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TSC now threatens to sack intern teachers

Education
 Junior Secondary School teachers demonstrated along the Eldoret streets in Uasin Gishu County over the delayed employment by the government. May 6, 2024. [Peter Ochieng, Standard].

The teachers' employer has now threatened to sack intern teachers who have failed to report to work since schools reopened for the second term.

The Teachers Service Commission (TSC) said it will on Friday get attendance reports from all schools to inform disciplinary action against those who absconded duty.

Appearing before the National Assembly Education Committee, TSC Legal Affairs director Cavin Anyuor said the disciplinary action will be based on attendance records collected by school heads. He said the records will be received at the TSC head office on Friday, May 17.

The development comes days after intern teachers vowed to stay put even as their employer directed them to go back to class. Emboldened by support from the Kenya Union of Post-Primary Education Teachers (Kuppet), the teachers announced elaborate plans to intensify their demonstration starting next week.

Daniel Murithi, secretary-general of the Kenya Junior Secondary Teachers Association, said communication from TSC urging them to resume work will not sway their resolve.

“The fact that TSC has responded requesting you to go back to school, means reports have reached them that the majority are not going back to school. The fact that they are requesting you to go back tells you that they can’t replace 46,000 teachers even if they want,” Murithi said on Wednesday.

The back and forth between TSC and JSS teachers follows a labour court ruling in April that deemed the internship programme as illegal because of unequal pay for equal work. However, a stay order allowed the TSC to continue employing interns until August 1.

But TSC now says it will only negotiate with the interns should they lose the appeal to overturn the illegality ruling.

Further complicating the situation is a budget shortfall, the commission claims it lacks Sh30 billion needed to permanently employ all intern teachers.

It proposes a phased approach, absorbing only 26,000 interns in January 2025 and will need Sh8.3 billion for the absorption of the first cohort alone.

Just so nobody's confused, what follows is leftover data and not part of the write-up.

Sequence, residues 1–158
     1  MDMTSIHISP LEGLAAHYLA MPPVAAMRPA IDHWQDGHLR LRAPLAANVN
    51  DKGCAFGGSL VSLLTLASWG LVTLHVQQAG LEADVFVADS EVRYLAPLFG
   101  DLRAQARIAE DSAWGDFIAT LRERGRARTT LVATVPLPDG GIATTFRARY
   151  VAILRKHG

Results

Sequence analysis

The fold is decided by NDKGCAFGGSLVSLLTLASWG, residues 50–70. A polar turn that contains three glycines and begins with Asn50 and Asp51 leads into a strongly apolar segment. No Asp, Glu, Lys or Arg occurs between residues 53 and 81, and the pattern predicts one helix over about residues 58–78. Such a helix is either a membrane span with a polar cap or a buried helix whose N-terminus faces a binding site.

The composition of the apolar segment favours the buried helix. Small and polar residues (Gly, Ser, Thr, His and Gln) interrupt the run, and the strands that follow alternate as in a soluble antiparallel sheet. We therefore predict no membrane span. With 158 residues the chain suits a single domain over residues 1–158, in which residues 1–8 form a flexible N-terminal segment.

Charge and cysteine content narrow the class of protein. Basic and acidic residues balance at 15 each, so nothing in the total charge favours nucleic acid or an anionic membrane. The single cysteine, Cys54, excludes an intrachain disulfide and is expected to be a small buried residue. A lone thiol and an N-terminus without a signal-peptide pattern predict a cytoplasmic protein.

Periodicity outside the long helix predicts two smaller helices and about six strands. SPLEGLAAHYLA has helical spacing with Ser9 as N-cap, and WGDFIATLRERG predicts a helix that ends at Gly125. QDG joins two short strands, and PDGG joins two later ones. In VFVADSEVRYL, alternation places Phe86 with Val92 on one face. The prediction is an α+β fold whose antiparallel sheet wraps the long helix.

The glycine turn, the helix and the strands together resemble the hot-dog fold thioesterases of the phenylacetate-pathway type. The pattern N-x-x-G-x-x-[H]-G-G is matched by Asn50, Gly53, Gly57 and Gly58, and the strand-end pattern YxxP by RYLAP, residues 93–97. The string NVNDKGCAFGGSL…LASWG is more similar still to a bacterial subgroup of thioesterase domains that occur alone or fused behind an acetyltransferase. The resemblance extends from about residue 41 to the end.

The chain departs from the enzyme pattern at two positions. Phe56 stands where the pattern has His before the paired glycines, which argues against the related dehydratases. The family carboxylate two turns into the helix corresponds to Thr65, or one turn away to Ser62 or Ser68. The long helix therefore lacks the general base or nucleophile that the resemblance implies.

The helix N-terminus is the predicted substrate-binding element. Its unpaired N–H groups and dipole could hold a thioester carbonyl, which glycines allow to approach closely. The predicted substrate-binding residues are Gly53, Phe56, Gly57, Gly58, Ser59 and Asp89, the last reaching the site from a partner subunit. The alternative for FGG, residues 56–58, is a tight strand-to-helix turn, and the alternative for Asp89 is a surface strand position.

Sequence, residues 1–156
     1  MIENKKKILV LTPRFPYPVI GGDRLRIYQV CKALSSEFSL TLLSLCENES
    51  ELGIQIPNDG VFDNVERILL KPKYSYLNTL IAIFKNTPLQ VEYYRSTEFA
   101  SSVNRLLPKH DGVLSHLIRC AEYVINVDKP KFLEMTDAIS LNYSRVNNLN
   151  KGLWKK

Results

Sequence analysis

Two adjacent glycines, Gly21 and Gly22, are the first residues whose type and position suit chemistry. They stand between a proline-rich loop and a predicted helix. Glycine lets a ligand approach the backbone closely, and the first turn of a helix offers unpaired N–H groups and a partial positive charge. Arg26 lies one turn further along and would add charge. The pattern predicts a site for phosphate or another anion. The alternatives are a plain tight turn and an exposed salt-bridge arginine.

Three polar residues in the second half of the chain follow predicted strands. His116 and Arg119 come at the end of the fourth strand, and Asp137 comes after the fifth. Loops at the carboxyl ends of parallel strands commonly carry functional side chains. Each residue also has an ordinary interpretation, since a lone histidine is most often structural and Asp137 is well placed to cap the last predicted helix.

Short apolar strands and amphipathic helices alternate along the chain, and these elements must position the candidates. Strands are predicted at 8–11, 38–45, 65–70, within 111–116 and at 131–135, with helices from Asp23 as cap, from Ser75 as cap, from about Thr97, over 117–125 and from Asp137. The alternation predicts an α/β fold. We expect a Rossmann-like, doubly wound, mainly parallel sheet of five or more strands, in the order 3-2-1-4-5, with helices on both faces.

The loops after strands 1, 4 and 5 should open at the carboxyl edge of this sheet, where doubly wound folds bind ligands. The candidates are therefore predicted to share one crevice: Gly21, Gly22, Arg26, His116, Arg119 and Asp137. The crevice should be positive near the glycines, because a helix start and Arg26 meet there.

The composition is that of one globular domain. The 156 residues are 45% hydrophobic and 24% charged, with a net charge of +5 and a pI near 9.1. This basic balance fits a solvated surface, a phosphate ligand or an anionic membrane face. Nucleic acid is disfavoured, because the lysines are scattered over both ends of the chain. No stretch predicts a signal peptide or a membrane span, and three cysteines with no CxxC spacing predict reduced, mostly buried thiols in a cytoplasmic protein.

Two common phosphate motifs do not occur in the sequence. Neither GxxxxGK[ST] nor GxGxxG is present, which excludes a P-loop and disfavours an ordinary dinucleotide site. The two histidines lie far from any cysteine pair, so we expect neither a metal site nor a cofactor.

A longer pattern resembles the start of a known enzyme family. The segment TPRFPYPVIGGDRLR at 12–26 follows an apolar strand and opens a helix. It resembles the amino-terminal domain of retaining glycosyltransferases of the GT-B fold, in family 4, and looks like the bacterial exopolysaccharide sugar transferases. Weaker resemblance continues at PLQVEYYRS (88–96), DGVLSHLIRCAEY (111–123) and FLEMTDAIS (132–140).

This comes after a faction of the nearly 60,000 intern teachers on Monday boycotted teaching when schools reopened for second term demanding enhanced pay and conversion of their intern contracts to permanent and pensionable.

Anyuor said the commission will take appropriate action in line with stay orders on a ruling that found the employment of the intern teachers illegal.

“The commission is aware that there are some interns who are picketing. Schools reopened on May 13 and the commission has since directed that data be collected by Friday this week, we will know who is in class and who is not and then the provision of the teacher's code of conduct will be applied in that regard,” Anyuor said.

He spoke on Wednesday while appearing before the National Assembly Committee on Education to weigh in on the budget proposal for the next (2024/2025) financial year.

Kitutu Masaba MP Clive Gisairo challenged the commission to explain the fate of the internship programme and that of JSS should the courts uphold the ruling outlawing the programme.

In a compromise, TSC indicates it is ready to negotiate with the interns should they lose a court case that challenges the legality of the internship programme.

The Labour Relations Court in April ruled that the teacher internship programme was illegal but halted any action until August 1. This means TSC is free to continue engaging the interns until August 1.

“If we lose the stay (on the court order outlawing hiring of intern teachers) we will negotiate with these teachers to come to an understanding so that their conversion to permanent and pensionable can start in January 2025,” Anyuor said.

This is even as it emerged that the TSC requires Sh30 billion to employ all the interns. However, TSC says it will first employ 26,000 interns in January who have successfully served for two years in the post. For this, Anyuor said they will need Sh8.3 billion.

However, some legislators on Wednesday supported the intern teachers seeking they be absorbed on an enhanced contract in July.

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